Life at the Freeman School can be like living in a bubble. We easily get caught up in deadlines, club meetings, guest speakers, and job hunting, and sometimes we forget to take part in the community around us (beyond the watering holes of Freret Street). Every once in a while it’s important to remind ourselves that personal growth requires lessons outside of the classroom, and that in order to cultivate ourselves we must make an impact on the immediate world that surrounds us. I recently had an incredible day giving back to my community alongside twenty of my closest friends: Freeman students and faculty.
I am fortunate to serve as the VP of Communications for the Graduate Women in Business student organization, partially because we are the only graduate student organizations that offers a hands-on community service experience. This year we decided to spend a day at Press Street Gardens. The gardens are owned and operated by the New Orleans Center for the Creative Arts High School (NOCCA), with the help of full-time staff of horticulturalists, nutritionists, and AmeriCorps members. When the gardens are up and growing they will serve several functions. NOCCA students will directly benefit from the garden through experiential learning in culinary arts, life sciences, and fine arts classes. Additionally, the recently opened Press Street Station plans to source fruit, vegetables, and herbs from the garden. Proceeds from the restaurant also benefit NOCCA. Finally, the Press Street Staff is hopeful that their garden will produce enough crops to sell to other local restaurants and markets, ultimately bringing even more funding back to the students.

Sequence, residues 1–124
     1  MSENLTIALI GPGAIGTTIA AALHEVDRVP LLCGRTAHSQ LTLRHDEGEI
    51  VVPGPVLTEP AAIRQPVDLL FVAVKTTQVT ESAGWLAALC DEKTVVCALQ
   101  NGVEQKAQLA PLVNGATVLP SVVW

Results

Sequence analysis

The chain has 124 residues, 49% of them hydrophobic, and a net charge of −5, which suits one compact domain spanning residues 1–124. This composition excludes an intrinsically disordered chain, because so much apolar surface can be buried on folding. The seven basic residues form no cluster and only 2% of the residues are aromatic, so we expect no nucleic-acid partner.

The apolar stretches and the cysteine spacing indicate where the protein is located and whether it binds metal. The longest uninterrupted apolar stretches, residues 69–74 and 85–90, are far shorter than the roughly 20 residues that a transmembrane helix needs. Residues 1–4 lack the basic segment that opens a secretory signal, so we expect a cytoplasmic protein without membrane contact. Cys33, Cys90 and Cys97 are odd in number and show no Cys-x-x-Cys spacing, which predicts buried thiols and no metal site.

During our day at the gardens we got our hands dirty, had great conversations, and laughed a lot. We sifted through soil pulling out rocks and branches, sawed through roots and stumps, tilled soil, and built planting beds to sustain the surrounding school and community. The idea of feeding the education of others was especially empowering. As students who have been given so much opportunity, we understand the amount of support and the number of helping hands necessary to succeed in our goals. We are fortunate to receive that support through direct and indirect encounters with Freeman classmates, faculty, and alumni. Working in the garden reinforced the value of our community, and we left the gardens with closer friendships, a sense of renewal, and a deep understanding of just how fortunate we are to be part of the Freeman School.
Lauren Siegel, MBA Candidate 2015